OUR CHURCH AND OTHERS
THE REFORMED CALVINISTIC CHURCHES CONT’D
A. Formal principle (source)
1. Bible as code of conduct.
2. For all realms of life.
B. Material principle (center of theology)
1. Concept of glory of God.
2. Irresistible special grace for the elect.
3. God’s absolute sovereignty.
II. Particular doctrines shared with Lutherans.
A. Divine authority of the Bible.
B. Rejection of tradition as a source of teaching.
C. Total depravity of man.
D. Justification by grace through faith in Christ as the only way to heaven.
E. Rejected many of the same abuses.
III. Particular doctrines with grave differences with Lutherans.
A. Doctrine of God.
1. Dominant thought in Calvinistic theology is the infinite and transcendent sovereignty of God.
2. Think of God primarily as the Master, with man His servant.
3. Emphasis lies on what God expects of man for His own glory.
4. Bible chiefly a code of rules for good behavior to the glory of the Master.
5. Becomes most patent in his doctrine of a double election.
a. Sees an absence of equal emphasis on grace and mercy of God in Calvinism.
b. Motivation is because man is privileged to trust and serve the gracious and forgiving God.
c. Emphasis is on what God has done for man.
d. The Bible seen chiefly as the letter of a loving Father to His dear children.
7. Discussion Points
a. It is God’s love that moves Him to deal with sinful man.
(1) Jn 3:16.
(2) 1Jn 4:16.
b. Bible main emphasis is Christ Crucified.
(1) Ro 1:16,17.
(2) 1Co 1:18,23; 2:2.
c. No double election.
(1) Ac 13:48.
(2) Ro 1:29,30.
(3) Eph 1:5.
(4) 2Th 2:13,14.
(5) 1Ti 2:4.
B. Doctrine of Man
1. Calvin distinguishes sharply between man’s corporeality and his spirituality.
2. Viewed soul
a. As not only essentially distinct from the body.
b. But also as the far more glorious part of man.
3. Man’s goal in this life is to seek liberation from the body.
a. As long as we are in the body, we are far from God.
b. Only when liberated from the body can we really enjoy God.
4. Has significant implications.
a. Puts a low estimate on doctrine of the resurrection of the body.
b. Affects his entire philosophy of life, e.g. vocations as means to mortify the flesh.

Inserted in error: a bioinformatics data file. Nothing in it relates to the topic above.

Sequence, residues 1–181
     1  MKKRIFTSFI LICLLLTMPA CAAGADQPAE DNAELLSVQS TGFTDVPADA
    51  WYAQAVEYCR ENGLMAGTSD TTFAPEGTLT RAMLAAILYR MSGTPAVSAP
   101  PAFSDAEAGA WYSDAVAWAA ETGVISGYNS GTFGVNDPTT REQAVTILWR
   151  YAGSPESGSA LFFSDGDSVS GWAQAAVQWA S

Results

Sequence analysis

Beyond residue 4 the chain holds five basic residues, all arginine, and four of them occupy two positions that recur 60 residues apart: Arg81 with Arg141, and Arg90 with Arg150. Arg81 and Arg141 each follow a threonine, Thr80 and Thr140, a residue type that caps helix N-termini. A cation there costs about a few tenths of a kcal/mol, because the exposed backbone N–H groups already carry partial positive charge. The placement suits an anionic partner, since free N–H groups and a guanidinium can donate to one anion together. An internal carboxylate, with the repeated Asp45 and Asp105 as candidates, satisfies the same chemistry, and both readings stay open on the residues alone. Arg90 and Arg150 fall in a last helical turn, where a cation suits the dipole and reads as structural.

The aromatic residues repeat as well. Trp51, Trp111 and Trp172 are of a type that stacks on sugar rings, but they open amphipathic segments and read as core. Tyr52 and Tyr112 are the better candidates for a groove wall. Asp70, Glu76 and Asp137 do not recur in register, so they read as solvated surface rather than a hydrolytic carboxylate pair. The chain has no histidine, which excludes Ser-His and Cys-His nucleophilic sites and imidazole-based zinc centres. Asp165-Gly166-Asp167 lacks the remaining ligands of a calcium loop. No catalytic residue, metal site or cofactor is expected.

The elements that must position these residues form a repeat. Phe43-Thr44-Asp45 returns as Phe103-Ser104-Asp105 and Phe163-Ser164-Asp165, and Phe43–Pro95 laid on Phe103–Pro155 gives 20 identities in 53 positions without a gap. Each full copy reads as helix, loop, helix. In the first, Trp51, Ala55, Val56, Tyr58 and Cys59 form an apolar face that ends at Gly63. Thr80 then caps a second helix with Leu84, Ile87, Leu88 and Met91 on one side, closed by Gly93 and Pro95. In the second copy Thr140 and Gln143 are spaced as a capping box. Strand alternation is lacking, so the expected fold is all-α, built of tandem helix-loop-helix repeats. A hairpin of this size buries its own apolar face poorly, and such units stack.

5. Found no solution for dilemma arising in maintaining both.
a. The absolute sovereignty of God, and
b. Man’s accountability for sin.
6. Held that:
a. All men were in Adam and corrupted in his sin.
b. Yet, rejects fatalistic view by maintaining that man does not sin by coercion, but by free choice.
7. Lutheranism holds that original sin is both:
a. A total lack of trust in God, and
b. A vicious rebellion against God inherited from our first parents.
c. Therefore, spoken of as the “capital” sin (S.A., III, I,1)
C. Christ’s Person and Work
1. Have maintained the true deity and true humanity of Christ and the personal union.
2. Yet, they question or deny the communion of natures and the communication of attributes.
3. State of humiliation is considered essentially the incarnation.
a. Suffered per both natures by becoming man, torture and death.
b. Lutheran view: according to His human nature He did not always and not fully use the divine attributes communicated to His human nature. (Php 2:5-8; Jn 2:11; 11:40; 18:6)
4. State of exaltation considered as the bestowal of great powers to the human nature.
a. His human nature received glorious but finite gifts.
b. Lutheran view: according to His human nature the Lord, from moment of resurrection, always and fully uses the divine attributes communicated to His human nature. (Php 2:9-11)
5. Denial of real communion of natures evident in Reformed view of Real Presence in Lord’s Supper.
a. Say He can not be everywhere and in heaven.
b. Say that only the believers receive the body and blood of the Lord spiritually by faith and not orally with the mouth.
6. Teaches limited atonement, i.e. He died only for the elect.
7. Discussion Points
a. Jesus is One Person, the God-man, not to be separated.
b. Jn 1:14.